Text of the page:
Doug Madory, the director of Internet analysis at Dyn Research, told The New York Timesand other news organizations that North Korea’s Internet access became unstable late Friday. By Monday, it was offline, he said.
It’s unclear what caused the outage, but State Department spokeswoman Marie Harf said: “We aren’t going to discuss publicly operational details about the possible response options or comment on those kind of reports in any way except to say that as we implement our responses, some will be seen, some may not be seen.”
In an interview with NPR’s Elise Hu, Matthew Prince, chief executive of CloudFlare, pointed to four possible scenarios: North Korea turned off its own Internet; China’s upstream provider turned it off; the country’s routers failed at an unfortunate time; or it was the result of a denial-of-service attack from either a hacking group or the U.S.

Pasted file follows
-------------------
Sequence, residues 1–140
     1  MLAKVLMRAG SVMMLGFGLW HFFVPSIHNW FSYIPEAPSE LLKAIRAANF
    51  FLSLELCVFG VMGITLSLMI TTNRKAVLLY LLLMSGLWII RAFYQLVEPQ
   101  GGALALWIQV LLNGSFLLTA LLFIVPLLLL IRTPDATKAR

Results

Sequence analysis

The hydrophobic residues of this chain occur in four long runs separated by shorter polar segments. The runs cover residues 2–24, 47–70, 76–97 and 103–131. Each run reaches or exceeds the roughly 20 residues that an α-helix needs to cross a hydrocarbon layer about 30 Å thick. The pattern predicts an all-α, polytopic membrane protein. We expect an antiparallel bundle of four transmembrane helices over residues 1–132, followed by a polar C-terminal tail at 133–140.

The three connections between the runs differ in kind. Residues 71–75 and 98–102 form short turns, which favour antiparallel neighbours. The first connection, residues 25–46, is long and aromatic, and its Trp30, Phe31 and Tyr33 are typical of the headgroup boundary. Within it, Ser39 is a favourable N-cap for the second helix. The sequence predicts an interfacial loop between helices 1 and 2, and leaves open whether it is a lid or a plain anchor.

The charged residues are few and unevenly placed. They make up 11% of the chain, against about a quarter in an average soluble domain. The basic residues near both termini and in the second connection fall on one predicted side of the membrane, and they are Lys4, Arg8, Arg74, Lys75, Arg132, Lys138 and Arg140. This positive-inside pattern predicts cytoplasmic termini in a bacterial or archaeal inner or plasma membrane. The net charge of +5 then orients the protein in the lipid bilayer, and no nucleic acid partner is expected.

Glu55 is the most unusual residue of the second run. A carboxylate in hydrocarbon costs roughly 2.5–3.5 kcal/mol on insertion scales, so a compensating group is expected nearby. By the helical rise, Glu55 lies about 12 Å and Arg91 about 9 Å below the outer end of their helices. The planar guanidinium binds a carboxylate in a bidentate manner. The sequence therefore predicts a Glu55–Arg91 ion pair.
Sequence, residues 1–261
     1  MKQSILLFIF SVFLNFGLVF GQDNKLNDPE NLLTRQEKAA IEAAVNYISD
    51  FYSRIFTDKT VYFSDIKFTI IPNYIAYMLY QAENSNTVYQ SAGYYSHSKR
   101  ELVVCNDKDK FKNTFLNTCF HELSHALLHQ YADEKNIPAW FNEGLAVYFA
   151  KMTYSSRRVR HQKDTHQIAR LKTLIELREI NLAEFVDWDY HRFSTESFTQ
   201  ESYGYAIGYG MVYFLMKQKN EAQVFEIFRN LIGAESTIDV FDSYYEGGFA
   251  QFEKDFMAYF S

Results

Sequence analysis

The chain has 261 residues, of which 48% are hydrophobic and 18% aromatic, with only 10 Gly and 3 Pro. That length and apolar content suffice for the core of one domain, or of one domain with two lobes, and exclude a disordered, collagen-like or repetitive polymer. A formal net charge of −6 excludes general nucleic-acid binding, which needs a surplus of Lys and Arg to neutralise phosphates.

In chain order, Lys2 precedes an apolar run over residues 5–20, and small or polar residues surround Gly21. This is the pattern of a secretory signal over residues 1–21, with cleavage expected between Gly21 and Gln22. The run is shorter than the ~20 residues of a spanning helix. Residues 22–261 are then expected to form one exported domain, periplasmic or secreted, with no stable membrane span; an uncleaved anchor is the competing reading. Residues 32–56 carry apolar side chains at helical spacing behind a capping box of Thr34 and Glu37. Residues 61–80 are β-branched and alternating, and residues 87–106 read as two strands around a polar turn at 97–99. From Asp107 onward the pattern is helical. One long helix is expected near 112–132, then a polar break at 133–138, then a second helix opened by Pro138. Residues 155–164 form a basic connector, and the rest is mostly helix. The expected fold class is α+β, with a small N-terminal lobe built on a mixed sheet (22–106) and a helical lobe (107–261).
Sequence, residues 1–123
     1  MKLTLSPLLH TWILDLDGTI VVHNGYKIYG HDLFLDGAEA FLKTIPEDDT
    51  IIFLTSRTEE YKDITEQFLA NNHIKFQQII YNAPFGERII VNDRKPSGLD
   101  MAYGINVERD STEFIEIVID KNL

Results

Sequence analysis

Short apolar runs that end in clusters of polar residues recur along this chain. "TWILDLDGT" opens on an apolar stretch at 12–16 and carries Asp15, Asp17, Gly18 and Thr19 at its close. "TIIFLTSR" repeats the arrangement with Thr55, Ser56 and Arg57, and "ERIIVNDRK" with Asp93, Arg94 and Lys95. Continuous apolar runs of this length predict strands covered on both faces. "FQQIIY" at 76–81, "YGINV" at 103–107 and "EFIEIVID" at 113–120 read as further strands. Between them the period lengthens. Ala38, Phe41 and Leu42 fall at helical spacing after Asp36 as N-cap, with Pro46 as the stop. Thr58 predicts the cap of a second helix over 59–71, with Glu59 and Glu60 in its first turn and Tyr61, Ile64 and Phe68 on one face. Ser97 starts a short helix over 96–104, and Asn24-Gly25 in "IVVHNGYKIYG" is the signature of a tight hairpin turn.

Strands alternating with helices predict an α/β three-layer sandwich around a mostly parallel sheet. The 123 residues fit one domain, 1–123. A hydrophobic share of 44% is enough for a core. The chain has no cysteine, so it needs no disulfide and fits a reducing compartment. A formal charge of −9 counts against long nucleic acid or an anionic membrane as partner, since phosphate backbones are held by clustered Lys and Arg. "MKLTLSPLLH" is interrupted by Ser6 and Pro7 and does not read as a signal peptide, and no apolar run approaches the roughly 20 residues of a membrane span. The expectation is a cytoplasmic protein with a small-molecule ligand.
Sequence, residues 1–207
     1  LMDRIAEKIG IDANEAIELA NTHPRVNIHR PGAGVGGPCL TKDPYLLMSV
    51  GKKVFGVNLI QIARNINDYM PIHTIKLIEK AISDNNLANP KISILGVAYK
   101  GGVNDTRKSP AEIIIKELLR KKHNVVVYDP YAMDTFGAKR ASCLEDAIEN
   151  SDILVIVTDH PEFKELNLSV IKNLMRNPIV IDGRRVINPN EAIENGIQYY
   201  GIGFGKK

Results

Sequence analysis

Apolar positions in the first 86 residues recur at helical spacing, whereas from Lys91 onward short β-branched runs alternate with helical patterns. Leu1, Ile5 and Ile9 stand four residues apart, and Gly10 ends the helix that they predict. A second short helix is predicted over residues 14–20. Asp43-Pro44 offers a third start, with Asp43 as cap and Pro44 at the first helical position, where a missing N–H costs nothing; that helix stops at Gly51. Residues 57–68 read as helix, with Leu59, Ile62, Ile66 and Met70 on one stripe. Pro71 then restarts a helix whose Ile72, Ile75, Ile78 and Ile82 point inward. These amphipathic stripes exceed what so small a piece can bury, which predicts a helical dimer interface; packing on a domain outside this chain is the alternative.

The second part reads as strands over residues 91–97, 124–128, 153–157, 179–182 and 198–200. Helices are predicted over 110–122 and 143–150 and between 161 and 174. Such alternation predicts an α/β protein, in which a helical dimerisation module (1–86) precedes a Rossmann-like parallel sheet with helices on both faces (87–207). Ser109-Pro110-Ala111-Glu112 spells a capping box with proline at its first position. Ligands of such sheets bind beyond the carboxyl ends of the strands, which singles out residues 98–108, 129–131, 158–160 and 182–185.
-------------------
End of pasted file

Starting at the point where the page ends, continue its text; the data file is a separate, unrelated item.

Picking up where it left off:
The United States is weighing the possibility of a “proportional response” to the cyber-attack on Sony Pictures that prompted the cancellation of the release of the $44 million-dollar film The Interview. U.S. officials believe that North Korea was a key player in the cyberattack, believed to be a retaliation to the satirical picture about the assassination of North Korean leader Kim Jong-un. President Obama has reportedly made the issue a top priority.
While the Obama administration believes the attack originated in North Korea, some cyber security experts remain skeptical, citing the exhaustive inside knowledge the hackers appeared to have on Sony’s internal architecture. The Guardians of Peace, the group taking credit for the attack, has released thousands of emails between studio executives and producers, as well as some 47,000 social security numbers. The group sent news outlets an email on Tuesday threatening to attack theaters that screened The Interview, which led Sony to cancel its release the next day.